Thus, in the present invention, the number of reversals of the inequality results determines the respective level of the rate of change of the tuning voltage. The greater the number of changes in inequality results, i.e. the smaller the difference between the two numbers, the lower will be the tuning rate.
In the tuning circuit described in the above-cited earlier U.S. application, there is also a reduction in the tuning rate as a result of different stages of the rate of change, but the differences between the various stages are only slight. The reason for this is that the tuning voltage which effects a change in frequency is generated by means of an integrating member, or low-pass filter, from pulses which vary in repetition rate by a maximum of, for example, 1:5 per unit time, corresponding to the number of digit positions. The direct voltage at the output of the integrating member can therefore only take on values which correspond to a linear graduation 0, 1, 2, . . . n.
In the present invention, however, it is possible to provide practically any difference between the stages, or graduated variations, in the rate of change so that the tuning process can be optimized.
The periodical "Funkschau" 1974, Issue No. 3, at page 93, discloses a circuit which assigns different significances to individual decades during the comparison of two numbers associated with generation of the tuning voltage. However, this comparison of the two numbers is not performed in a multiplex operation but in a parallel operation. Therefore each decade must have its own comparator, causing the known tuning circuit to be very expensive.
The present invention enables optimum graduation to be achieved in the tuning rate with a multiplex comparison circuit.
FIG. 1 is a block circuit diagram of one preferred embodiment of the invention.
FIG. 2 is a circuit diagram of a portion of the circuit of FIG. 1.
FIG. 3 is a block diagram of a modified portion of the circuit of FIG. 2, representing another embodiment of the invention.
FIG. 4 is a circuit diagram of a portion of the circuit of FIG. 2.
FIG. 5 is a logic diagram of the circuit of FIG. 4.
In the basic circuit diagram shown in FIG. 1, an antenna 1 receives high frequency broadcast signals and feeds them to a high frequency receiver, e.g. a radio receiver 2. This receiver includes, inter alia, a superheterodyne, voltage-controllable oscillator 3 whose frequency can be changed by means of a variable capacitance diode (not shown) whose capacitance can be controlled by a tuning voltage. A counting device 4 is further provided to periodically count the oscillations of the superheterodyne oscillator 3 relating to the intermediate frequency of the receiver. The counter state thus represents the value of the broadcast frequency to which the receiver is presently tuned.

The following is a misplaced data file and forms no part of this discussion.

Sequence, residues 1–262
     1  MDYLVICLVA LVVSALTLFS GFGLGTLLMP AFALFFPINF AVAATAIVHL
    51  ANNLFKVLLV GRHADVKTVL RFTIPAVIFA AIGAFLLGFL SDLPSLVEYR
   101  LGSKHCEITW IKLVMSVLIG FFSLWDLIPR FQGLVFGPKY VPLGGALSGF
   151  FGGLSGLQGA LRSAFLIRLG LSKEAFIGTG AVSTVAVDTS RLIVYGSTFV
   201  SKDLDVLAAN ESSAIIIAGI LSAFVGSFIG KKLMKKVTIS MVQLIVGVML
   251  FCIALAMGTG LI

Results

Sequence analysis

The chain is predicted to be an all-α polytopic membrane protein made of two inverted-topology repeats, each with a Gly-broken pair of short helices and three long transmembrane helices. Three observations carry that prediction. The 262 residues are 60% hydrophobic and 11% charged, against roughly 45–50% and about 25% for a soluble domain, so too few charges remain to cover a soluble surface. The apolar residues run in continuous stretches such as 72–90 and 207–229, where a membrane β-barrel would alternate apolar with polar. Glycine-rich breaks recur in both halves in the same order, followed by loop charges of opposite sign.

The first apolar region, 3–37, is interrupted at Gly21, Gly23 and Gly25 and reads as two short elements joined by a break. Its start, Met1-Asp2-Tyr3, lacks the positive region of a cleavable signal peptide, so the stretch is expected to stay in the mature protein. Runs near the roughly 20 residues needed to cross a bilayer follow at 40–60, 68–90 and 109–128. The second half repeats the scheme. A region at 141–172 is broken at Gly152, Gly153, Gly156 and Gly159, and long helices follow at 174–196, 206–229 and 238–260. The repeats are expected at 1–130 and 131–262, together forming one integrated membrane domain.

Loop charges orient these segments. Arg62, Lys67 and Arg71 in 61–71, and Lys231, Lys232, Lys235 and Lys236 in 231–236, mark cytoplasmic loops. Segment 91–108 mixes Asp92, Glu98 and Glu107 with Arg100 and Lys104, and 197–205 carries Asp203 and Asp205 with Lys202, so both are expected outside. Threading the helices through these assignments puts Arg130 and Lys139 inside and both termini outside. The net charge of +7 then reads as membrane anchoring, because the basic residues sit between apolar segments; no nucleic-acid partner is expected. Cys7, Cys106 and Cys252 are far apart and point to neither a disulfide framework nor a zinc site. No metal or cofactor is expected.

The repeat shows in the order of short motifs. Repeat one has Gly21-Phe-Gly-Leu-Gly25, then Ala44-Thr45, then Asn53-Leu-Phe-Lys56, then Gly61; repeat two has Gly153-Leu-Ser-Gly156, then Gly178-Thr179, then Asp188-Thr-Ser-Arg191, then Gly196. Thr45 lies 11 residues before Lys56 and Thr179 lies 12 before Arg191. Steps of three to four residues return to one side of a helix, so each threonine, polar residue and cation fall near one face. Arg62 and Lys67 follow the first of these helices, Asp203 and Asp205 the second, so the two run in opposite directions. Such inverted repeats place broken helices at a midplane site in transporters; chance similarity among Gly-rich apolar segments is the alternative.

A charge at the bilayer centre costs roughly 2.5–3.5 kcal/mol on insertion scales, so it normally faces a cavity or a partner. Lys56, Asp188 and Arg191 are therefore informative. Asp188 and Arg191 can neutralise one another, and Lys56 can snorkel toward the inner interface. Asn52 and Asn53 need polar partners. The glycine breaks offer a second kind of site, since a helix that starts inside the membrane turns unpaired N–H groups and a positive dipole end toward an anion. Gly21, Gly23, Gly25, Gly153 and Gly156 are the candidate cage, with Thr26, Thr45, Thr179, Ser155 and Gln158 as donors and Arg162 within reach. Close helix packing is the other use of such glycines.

In an indicator 5 the count present in the counting device 4 can be represented in a decimal form. The display 5 can be controlled in a multiplex manner in which the information identifying the individual digits to be displayed are fed to indicator 5 sequentially in time. Multiplex signals are available for the multiplex operation which signals occur, for example, in the form of a logic "0" sequentially in time, each signal representing a respective multiplex phase as this is described in detail in the above-cited application. Each digit is thus associated with a respective multiplex signal, or phase. To provide the desired display and to generate the required multiplex phase signals and control clock pulses, units 4 and 5 could be constituted by the circuit shown in FIG. 2 of U.S. Pat. No. 3,581,065.
For the purpose of tuning to a certain station, the number identifying the desired station or frequency is fed in via an input keyboard 8, or some other input device, beginning with the most significant digit of that number. If, for example, the number is 95.7, the nine is fed in first, followed by the five and then the seven. The signals representing the fed-in number are conducted via a coder 7 to an intermediate memory 9 and from there the representations of each digit are delivered in succession in multiplex operation to a comparator 6. The coder 7 converts the signals into, for example, a BCD code, in which form the digits of the number representing the counter state of counting device 4 are also available. Comparator 6 receives, in succession in the same multiplex operation, the signals representing the counter state of counting device 4. Comparison between the two numbers is thus made in multiplex operation, i.e. the corresponding digits of the two numbers are compared sequentially in time, the comparison beginning with the most significant digit. Units 6, 7, 8 and 9 can have the form, and operate in the manner, disclosed in the above-cited earlier application, the necessary multiplex control signals being provided by device 4.